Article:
This country’s interns are being exploited and treated like dirt

I was told I needed to do as many internships as possible to land a job in my chosen field (Picture: Getty Images/iStockphoto)

Arriving at the office, I gave my biggest, brightest smile. But the man who was waiting for me barely glanced my way as he beckoned me to follow him. 

‘We expected you to be a bit s**t, so didn’t actually arrange any work for you to do,’ he told me, as I scurried along behind him.

That was when my eyes were truly opened. Internships – meant to be a mutually beneficial arrangement that give new-starters valuable on-the-job experience and the companies an enthusiastic extra employee to complete various tasks that will add to their profits – all too often end up exploiting the intern.  

While studying advertising design at the University of South Wales in Cardiff, I was told I needed to do as many internships as possible to land a job in my chosen field, as it was a hard industry to break into.

To clarify, an internship is a period of work experience, offered by an organisation, lasting for a fixed period of time anywhere between a week and 12 months. They are typically undertaken by students and graduates looking to gain relevant skills in a particular work sector.

Diligently, I scoured websites like Internswise and attended networking events my course organised. I even rang 40 different branding agencies in a single day to enquire about opportunities.

I ended up doing a whopping 14, some during term time, some in Christmas, Easter and summer breaks, for anything from two weeks to three months.  

Of course, there were some good ones, which went as I’d hoped. Where they encouraged me to contribute in meetings, and considered my ideas. I’d have 1:1 mentorship meetings and they genuinely wanted to help me succeed in my future career.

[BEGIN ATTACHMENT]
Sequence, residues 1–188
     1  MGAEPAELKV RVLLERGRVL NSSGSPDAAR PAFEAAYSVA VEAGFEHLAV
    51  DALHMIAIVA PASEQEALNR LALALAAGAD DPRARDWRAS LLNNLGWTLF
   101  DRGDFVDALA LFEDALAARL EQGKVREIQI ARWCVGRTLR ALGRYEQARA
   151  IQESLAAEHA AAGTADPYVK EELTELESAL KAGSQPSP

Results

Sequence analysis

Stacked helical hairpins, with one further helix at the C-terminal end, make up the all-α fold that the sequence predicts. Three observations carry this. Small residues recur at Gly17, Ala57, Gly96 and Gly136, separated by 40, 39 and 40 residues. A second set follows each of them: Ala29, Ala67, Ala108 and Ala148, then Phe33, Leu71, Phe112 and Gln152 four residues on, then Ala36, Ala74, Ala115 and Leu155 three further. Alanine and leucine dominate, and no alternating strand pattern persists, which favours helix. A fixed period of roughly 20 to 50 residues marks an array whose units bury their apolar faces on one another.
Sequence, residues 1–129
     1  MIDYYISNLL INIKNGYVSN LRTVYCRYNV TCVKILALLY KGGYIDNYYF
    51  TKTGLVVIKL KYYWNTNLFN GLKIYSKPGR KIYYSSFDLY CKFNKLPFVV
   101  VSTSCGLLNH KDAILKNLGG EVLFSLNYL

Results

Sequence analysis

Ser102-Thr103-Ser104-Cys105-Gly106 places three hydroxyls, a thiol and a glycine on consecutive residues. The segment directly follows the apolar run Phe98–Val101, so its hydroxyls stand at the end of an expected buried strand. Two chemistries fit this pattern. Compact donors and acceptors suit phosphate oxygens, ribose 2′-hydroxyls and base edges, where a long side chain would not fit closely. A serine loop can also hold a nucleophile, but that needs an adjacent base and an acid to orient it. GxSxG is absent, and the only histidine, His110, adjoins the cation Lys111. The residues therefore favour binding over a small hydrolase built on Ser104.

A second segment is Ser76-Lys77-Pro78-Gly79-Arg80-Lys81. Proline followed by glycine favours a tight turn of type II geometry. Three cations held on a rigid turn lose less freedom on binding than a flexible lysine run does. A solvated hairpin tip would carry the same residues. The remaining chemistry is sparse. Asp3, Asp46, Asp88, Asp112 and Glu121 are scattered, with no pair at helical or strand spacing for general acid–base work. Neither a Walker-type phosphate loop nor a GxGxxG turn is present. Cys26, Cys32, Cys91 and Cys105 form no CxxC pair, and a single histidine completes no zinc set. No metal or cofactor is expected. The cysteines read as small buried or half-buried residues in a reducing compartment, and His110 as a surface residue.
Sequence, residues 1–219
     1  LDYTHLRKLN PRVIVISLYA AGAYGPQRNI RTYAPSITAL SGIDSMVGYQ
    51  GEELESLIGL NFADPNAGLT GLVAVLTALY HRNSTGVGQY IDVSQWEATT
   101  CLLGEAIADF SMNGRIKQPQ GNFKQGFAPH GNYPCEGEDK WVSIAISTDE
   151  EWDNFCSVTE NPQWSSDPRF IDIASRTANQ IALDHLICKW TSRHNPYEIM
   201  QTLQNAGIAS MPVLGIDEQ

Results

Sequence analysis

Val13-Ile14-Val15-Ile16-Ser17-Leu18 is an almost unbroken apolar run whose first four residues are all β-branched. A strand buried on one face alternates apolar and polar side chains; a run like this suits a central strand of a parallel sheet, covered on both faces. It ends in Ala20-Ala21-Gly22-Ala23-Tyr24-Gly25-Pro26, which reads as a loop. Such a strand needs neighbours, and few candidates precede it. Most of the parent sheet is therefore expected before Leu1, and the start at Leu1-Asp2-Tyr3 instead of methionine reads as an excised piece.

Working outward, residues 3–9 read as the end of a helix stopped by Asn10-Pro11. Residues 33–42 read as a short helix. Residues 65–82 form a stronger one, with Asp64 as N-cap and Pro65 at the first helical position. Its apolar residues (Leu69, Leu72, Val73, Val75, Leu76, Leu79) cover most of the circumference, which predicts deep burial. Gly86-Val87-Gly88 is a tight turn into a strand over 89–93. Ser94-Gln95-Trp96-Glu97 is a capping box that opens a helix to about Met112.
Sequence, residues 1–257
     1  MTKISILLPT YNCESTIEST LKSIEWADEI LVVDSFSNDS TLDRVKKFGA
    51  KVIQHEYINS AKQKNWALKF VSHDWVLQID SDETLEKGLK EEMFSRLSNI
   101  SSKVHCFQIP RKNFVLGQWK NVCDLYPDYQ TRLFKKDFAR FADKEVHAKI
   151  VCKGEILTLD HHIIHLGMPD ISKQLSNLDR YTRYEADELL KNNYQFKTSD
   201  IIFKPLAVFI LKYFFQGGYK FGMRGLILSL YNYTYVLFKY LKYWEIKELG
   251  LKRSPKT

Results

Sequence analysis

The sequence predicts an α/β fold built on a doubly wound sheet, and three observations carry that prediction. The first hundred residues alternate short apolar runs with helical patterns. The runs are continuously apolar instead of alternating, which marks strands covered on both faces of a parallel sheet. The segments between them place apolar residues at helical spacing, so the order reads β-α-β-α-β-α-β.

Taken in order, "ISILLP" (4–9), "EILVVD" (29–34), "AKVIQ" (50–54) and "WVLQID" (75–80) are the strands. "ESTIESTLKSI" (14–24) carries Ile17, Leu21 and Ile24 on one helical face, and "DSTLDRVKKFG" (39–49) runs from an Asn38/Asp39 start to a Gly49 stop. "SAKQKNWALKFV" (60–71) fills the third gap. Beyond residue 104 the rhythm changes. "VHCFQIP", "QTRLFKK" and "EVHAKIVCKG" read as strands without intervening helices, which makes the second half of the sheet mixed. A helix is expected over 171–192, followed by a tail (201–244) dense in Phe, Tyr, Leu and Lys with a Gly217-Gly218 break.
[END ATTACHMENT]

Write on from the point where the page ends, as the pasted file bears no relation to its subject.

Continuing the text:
Often only the wealthier people progress in their chosen careers

Many, however, were so exploitative they verged on slave labour. I had to do jobs no one else wanted to do, even if they weren’t anything to do with my role, or even totally irrelevant jobs in a completely different department. 

During one internship, I was asked to work on a client brief and when they actually pitched my work to the client, they joked: ‘I guess we actually have to pay you now.’  

During another, where I was paid £6.70 an hour, I found out the company billed clients £100 an hour for my time. I felt so dismayed and undervalued. Such a huge disparity was surely taking advantage.    

Then again, I guess I was lucky to be paid at all, considering some businesses still bend the law and don’t pay interns at all.   

In theory, interns are entitled to at least the national minimum wage if they work for any kind of commercial organisation. This doesn’t apply to charities (though you could argue work is still work).

But in practice the situation is blurry and there’s no formal definition of an ‘intern’ under UK law. Some companies get round having to pay interns by calling it ‘work experience’, which, unlike internships, involves people merely shadowing employees and not doing any work, or contributing in any way to the company’s projects or initiatives. 

Even if they do pay the minimum wage, some employers take advantage of interns’ eagerness, and use it as a way of having someone do a graduate-level job without paying graduate wages for it.